REV. JUNIUS H. SEELYE, D. D., is President of Amherst College, one of the leading scholars and educators of the United States, and a Vice-President of the National Reform Association. In a late number of the Forum he discussed the question, “Should the State Teach Religion?” in which he presented the following as sound doctrine on that question:—
“Religion is not an end to the State. It is simply a means to the advancement of the State, and is to be used like any other means. To the individual person the sole question about a religion is, whether it is true; but the State only inquires whether it is adapted to the end at which the State is aiming. From this point of view the State is equally preserved from religious indifference and religious intolerance. What kind of a religion it should employ, and how far it should carry religious instruction in its schools, is a grave question of statesmanship, respecting which Governments may very easily make mistakes—very grave mistakes… But the greatest mistake any Government is likely to commit respecting religious instruction is to have none. And faith for a people is better than no faith. What faith shall be employed, and in what way, are points respecting which wise statesmanship will direct, as it does in other matters; and wise statesmanship will keep in view here as elsewhere the maxim, de minimis non curat lex…. If the conscience of the subjects approve, well; if` not, the State will be cautious, but courageous also; and, if it is wise, it will not falter.”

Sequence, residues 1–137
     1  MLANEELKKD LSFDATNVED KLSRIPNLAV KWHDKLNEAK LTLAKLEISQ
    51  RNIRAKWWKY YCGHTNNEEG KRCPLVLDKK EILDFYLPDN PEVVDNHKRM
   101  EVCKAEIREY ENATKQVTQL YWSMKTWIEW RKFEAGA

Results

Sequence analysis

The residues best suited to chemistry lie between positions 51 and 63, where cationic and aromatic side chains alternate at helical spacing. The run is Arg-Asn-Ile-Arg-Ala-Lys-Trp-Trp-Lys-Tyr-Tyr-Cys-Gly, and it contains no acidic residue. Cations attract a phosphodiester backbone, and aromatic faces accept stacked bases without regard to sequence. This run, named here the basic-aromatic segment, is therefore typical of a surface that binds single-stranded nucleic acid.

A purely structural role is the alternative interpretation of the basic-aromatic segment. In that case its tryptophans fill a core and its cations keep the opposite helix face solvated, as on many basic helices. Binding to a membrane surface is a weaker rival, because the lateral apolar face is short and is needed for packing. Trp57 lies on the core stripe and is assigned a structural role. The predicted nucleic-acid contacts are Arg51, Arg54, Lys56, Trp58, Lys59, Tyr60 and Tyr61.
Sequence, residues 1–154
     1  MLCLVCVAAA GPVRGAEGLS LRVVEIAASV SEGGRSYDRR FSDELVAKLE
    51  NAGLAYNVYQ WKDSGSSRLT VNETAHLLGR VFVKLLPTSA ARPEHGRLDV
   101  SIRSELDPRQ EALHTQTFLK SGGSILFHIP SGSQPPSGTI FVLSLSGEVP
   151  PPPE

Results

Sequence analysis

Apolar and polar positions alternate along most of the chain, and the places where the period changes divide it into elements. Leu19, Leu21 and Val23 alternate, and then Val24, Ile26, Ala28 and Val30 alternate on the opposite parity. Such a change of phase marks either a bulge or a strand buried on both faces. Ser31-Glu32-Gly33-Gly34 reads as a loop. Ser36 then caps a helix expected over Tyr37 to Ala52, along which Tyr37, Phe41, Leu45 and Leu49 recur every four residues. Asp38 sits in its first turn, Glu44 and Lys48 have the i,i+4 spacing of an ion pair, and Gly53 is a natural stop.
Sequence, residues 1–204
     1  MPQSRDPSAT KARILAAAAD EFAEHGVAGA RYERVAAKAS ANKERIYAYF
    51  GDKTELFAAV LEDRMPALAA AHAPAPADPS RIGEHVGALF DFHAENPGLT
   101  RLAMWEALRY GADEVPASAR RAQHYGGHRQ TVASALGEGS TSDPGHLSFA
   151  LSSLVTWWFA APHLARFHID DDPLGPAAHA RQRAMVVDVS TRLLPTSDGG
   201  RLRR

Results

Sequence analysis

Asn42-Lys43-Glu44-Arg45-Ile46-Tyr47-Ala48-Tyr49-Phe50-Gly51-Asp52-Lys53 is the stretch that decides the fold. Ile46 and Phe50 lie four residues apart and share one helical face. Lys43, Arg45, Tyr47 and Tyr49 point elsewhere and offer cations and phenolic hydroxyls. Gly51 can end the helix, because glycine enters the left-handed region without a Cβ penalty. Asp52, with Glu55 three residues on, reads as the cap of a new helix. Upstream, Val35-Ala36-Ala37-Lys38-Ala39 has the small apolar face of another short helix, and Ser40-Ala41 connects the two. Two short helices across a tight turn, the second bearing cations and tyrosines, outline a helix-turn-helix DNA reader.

If a State is to adopt a religion at all, it is impossible to see how it could adopt any but the religion of the majority. Because, mark: the rule, the State is not to inquire whether the religion is true, but only, “whether it is adapted to the end at which the State is aiming.” Religion therefore being to the State a mere matter of policy, the religion adopted by the State must be the religion of the majority. And in that case the State is brought to the inevitable alternative, either to change its religion with every change of the majority, or else to exert its power to keep the religion which it has adopted, the religion of the majority.  Wherefore it is a most curiously interesting problem to know just how that “from this point of view the State is equally preserved from religious indifference and from religious intolerance”? And further, if this rule be such a safe preservative, how happens it that of all the States that have been on this earth, that have acted upon the Professor’s theory, not one has been preserved from religious intolerance?